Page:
Another new article for your consideration, with expanded interview coverage of Elon Musk’s discussion at SXSW last weekend. In it he expands further on his goal for sending the Tesla roadster into space, and it’s every ounce as wonderful and selfless as I expected. I am still astonished at the ability for naysayers, especially those in the scientific community, to continue to devise areas of complaint about any aspect of his work. I can attribute it only to the most tragic of sour grapes, exposing a great degree of hypocrisy and infighting in the scientific community. It is fortunate that once in a generation a visionary may emerge, and be able to secure the resources needed to drive towards a great goal with singleness of purpose.
“Life cannot just be about solving one sad problem after another…There need to be things that inspire you, that make you glad to wake up in the morning and be part of humanity. That is why we did it. We did for you.”
The Westworld team, and everyone’s favorite savior of mankind Elon Musk have released a beautiful short video commemorating the incredible and wildly successful Falcon Heavy launch on February 6th 2018. It is most definitely worth a watch, and there is even a short clip of the center booster missing the OCISLU drone ship, which is transparency we can all appreciate. No matter how often I replay the events of that launch in my head, it remains amazing and so very important.
One of the hesitations to considering life on other worlds, for many, will be how to cope with the truly unsettling experience of leaving behind everything you know in exchange for an alien landscape. Well, our nearby neighbor may be more welcoming than many realize, if only you take the time to appreciate the little things. Take, for example, the new beautiful image from the Mars Reconnaissance Orbiter which appears to show a familiar process of frost heaves, which has led to boulders being forced to the surface.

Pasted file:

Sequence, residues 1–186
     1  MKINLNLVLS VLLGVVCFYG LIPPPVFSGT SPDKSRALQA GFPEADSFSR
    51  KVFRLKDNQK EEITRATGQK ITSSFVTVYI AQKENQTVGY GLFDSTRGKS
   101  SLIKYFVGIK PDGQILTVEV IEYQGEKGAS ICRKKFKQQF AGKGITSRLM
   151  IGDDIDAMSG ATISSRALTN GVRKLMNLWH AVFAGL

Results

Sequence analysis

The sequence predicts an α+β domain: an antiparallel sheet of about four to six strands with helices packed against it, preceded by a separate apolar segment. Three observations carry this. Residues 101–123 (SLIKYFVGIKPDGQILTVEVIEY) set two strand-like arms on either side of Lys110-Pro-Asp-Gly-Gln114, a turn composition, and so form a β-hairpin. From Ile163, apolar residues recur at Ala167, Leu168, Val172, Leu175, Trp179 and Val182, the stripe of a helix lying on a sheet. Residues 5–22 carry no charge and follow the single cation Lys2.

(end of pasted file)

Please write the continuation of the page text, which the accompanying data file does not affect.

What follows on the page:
So, now you can have a blue sunset, frost heaves, and a giant statue of Elon Musk in the town square. What more can you ask for.
(Quartz Media LLC)
Any day where I can wake up and watch a successful rocket launch that took place earlier that morning delights me by proving we, as a people, are doing at least one thing right. This was the historic 50th Falcon 9 launch by SpaceX and Elon Musk (founder, CEO, lead designer, savior of mankind) and as we have already grown to expect, it went off without a hitch.
Unfortunately storm conditions and very high seas prevented everyone’s favorite drone ship, the “Of Course I Still Love You” from retrieving the first stage, which had to be abandoned to the sea. However, the mission was a success, and Hispasat 30W-6 was placed into geosynchronous transfer orbit, there to provide telecommunication services to areas around the globe.
Please check out the excellent article over at newatlas.com for more details!
The moon will have a 4G mobile network installed next year, according to plans set out by Vodafone and Nokia.
The mission, organised by space exploration company PTScientists, will be the first privately funded moon landing.
Nokia masts will be launched on a SpaceX rocket in 2019 from Cape Canaveral air force station in Florida.
The network will enable Audi lunar exploration vehicles to communicate with each other and with a base station. The 4G signal, provided by Vodafone, will also be able to transmit high-definition video streaming of the moon’s surface.
This ambitious and exciting project is scheduled for 50 years after NASA first accomplished getting humans to the lunar surface!
(Australian Financial Review)